Thursday, Jun. 13, 2024

Brain Buckets

A few days ago, one of my students came off her horse. She was breaking in new boots and wasn't super steady, he's young and stupid; she went one way, he went the other. It happens. Horses are unpredictable, even those with the best of characters.
 

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A few days ago, one of my students came off her horse. She was breaking in new boots and wasn’t super steady, he’s young and stupid; she went one way, he went the other. It happens. Horses are unpredictable, even those with the best of characters.
 
My student was wearing her helmet, as is required on my farm. In the colloquial, she bumped her head real good, and while we quickly identified that she was ok—wiggle all fingers and toes, stand up, walk, see—she couldn’t remember falling off, or how she got out of the arena. So we got a precautionary CAT scan and X-ray, which found nothing but a minor concussion. A few days of Tylenol and taking it easy, and she’ll be right as rain.
 
But all that from a good rider on a good horse who just had one bad moment. It happens, alarmingly, all the time.
 
No one likes a preacher, so this is not a treatise about why everyone should wear helmets. It’s a personal decision, and I’m guilty of not wearing one all the time—I show in my top hat, even at the lower levels, most of the time.
 
I’ve never understood what makes helmets so taboo in the dressage world. Yeah, they can be a little ugly, but they’re much slicker now than in the past. You can get them in different colors, with stripes down the center that make them look less like a mixing bowl with a chin strap. My mom’s got a helmet that has a changeable center stripe, so you can mix and match colors. Pretty neat.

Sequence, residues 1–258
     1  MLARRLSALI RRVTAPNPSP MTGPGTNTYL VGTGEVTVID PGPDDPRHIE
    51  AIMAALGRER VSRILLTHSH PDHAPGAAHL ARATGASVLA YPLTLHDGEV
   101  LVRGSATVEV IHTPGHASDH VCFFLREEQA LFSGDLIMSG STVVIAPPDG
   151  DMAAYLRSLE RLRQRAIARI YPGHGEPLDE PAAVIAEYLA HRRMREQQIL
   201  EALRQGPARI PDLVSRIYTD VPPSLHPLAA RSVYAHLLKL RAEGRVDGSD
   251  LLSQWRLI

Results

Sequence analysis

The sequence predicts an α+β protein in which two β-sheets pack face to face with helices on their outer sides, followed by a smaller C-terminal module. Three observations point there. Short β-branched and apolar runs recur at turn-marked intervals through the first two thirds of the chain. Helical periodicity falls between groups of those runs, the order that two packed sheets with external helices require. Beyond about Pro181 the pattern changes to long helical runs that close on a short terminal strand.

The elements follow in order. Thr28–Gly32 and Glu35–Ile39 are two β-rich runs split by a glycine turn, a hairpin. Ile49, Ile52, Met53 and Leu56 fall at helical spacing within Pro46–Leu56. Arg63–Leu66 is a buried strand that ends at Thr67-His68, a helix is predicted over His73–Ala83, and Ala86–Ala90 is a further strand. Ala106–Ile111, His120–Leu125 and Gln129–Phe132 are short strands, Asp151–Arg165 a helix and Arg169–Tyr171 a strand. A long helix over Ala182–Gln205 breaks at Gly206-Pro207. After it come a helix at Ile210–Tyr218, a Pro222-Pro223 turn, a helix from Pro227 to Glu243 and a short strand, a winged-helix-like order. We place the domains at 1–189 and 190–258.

And I’ve heard the “they’re hot in the summer argument,” but the helmet I wear for schooling every day (which cost $35, by the by) has vents that make it quite comfortable. And believe me, I’m a sweaty beast in the summer. Like, ick.
 
You hardly ever see helmets in Europe in the dressage ring, which might explain why they’re so uncouth here. I’ve even heard that some European sale barns refuse to let their riders wear helmets, lest potential buyers think a horse is dangerous. I hope that’s not true. On my farm, helmets are required. And I don’t school horses without one.
 
Lest anyone cry hypocrite, I do show in my top hat, even at the national levels much of the time. I wear my helmet at shows when it’s raining (because I melted my first top hat, which I really liked, and I’m all traumatized about it now), and on young and untrustworthy horses, but I look pretty snappy in my top hat, and I’m an adult, and that’s the choice I make.
 
But I wear my helmet in schooling—at local shows, at CDIs, at the National Championships. I met a woman at Gladstone a few years ago, a lifelong horseman and a professional rider. Shortly after that show, she was out hacking an older schoolmaster when she came off, and the horse went galloping back to the barn. By the time she was found, she was unconscious; as far as I know, she’s still in a medically-induced coma with a shunt in her brain to drain the fluid.
 
A helmet can’t save you from everything, but it’s not a risk I’m willing to take. I wear my helmet with pride, cool or otherwise. The good news? I know I’m not the only professional out there making the same decision. I hope it’s a reflection of a growing trend—that more of us would rather be overly safe, geeky looking and sweaty than sorry.

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Sprieser Sporthorse

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